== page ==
This market is volatile. It's the swings up and down are almost nauseating if you were to monitor your portfolio on a daily basis (which we do). I remember reading somebody's comment on investment strategy and they made a very interesting point. There has been a plethora of books, articles, textbooks, publications for investment strategy, written by some of the world's most successful investors from both the fundamental side and the technical side. Usually, the author will state their investment strategy in great detail. So why isn't everybody a successful investor? I wish I knew who wrote it so I could quote them, but the person hypothesized that some strategies are too complex and when people try to replicate those strategies they lack the skills or resources to do so successfully, or other strategies are quite simple but people lack the emotional strength to see them through when times get tough.
“Our favorite holding period is forever”
The Buy and Hold strategy is a tried and true way to build wealth, do extensive research on a company that has a long track record of increasing revenue, wide economic moat, and high margins, in a sector that is growing, and has a healthy balance sheet with good management. Then monitor to make sure those things don't change significantly, but for the most part let the swings of the market happen and just ride the waves.
Yes, the market is volatile, but rest assured we don't speculate. We only buy companies that fit these characteristics so we can ride these waves with minimal anxiety. It's not fun by any means, but it's an opportunity of which to take advantage.
Let's look at stocks that have fallen and compare that to the underlying performance of the company.
Paypal: You would have to go back to June 19th, 2020 to buy shares at the current price. Since June PayPal has increased revenue by 27.8% and increased earnings by 90.8%
Shopify: You would have to go back to June 18th, 2020 to buy shares at the current price. Since June Shopify has increased revenue by 102% and increased earnings per share by roughly 44x.
You can see this across our watchlist, I can go on for a while but these are two dramatic examples. So what will turn this market around? I think a big factor is we haven't seen earnings from a lot of the companies that have driven this market up for the past two years.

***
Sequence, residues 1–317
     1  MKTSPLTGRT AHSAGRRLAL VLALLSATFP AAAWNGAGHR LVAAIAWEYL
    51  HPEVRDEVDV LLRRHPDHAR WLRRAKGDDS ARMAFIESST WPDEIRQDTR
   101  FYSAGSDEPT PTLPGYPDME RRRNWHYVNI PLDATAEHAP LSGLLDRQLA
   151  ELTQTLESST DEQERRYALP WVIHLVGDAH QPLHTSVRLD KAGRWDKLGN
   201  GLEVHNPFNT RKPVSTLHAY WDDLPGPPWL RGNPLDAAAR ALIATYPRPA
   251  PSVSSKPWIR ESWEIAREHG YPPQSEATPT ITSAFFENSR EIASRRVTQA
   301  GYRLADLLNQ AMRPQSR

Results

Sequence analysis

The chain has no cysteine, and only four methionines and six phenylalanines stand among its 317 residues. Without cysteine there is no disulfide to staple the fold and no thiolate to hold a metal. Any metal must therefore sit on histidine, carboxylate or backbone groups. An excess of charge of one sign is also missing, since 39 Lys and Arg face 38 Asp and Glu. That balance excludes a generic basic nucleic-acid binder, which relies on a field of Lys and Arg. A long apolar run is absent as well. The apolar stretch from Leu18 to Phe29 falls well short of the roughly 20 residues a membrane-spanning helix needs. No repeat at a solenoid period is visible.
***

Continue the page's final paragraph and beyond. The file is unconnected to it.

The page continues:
Microsoft, Next Era Energy, Abbott Labs, Kimberly Clark, Crown Castle International, Tesla, Apple. McCormick, Sherwin Williams, and Caterpillar are all companies that report earnings next week. Positive earnings will give us a breather from the descent or give us an opportunity to capitalize on an inefficiency.
Exam Free Coverage Option
Last week a client said they finally realized they needed life insurance, but they were not comfortable with needles in the event of a life insurance exam. No problem, if you are relatively healthy, we have access to companies that will offer coverage without a medical exam. Typically, if you are looking for coverage amounts over $250,000 it is more efficient cost-wise to go through full underwriting, but for those looking to get a few hundred thousand dollars of coverage in place quickly, we have needle-free options! 😊These products are sold through our insurance agency NMD Insurance.
This newsletter is for informational purposes and should not be taken as direct investment advice without understanding your goals objectives. Investing involves risk including the potential loss of principal. Carefully consider all risk and fees before investing. Crosby Advisory Group, LLC is a registered investment advisor in Ohio and Florida. Insurance products are sold and serviced through our insurance agency, NMD Insurance. Employees of Crosby Advisory and NMD Insurance may own investments mentioned in this newsletter.
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Nate M. Crosby, CRPC
Crosby Advisory Group, LLC
Wealth Accumulation, Retirement Income Planning, Insurance
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This newsletter is for informational purposes and should not be taken as direct investment advice without a consultation. Investing involves risk including the potential loss of principal. Understand all risks and fees before investing. Crosby Advisory Group, LLC is a registered investment advisor in Ohio and Florida. Employees of Crosby Advisory may own investments mentioned in this newsletter. Insurance products are sold and serviced through Crosby NMD Insurance.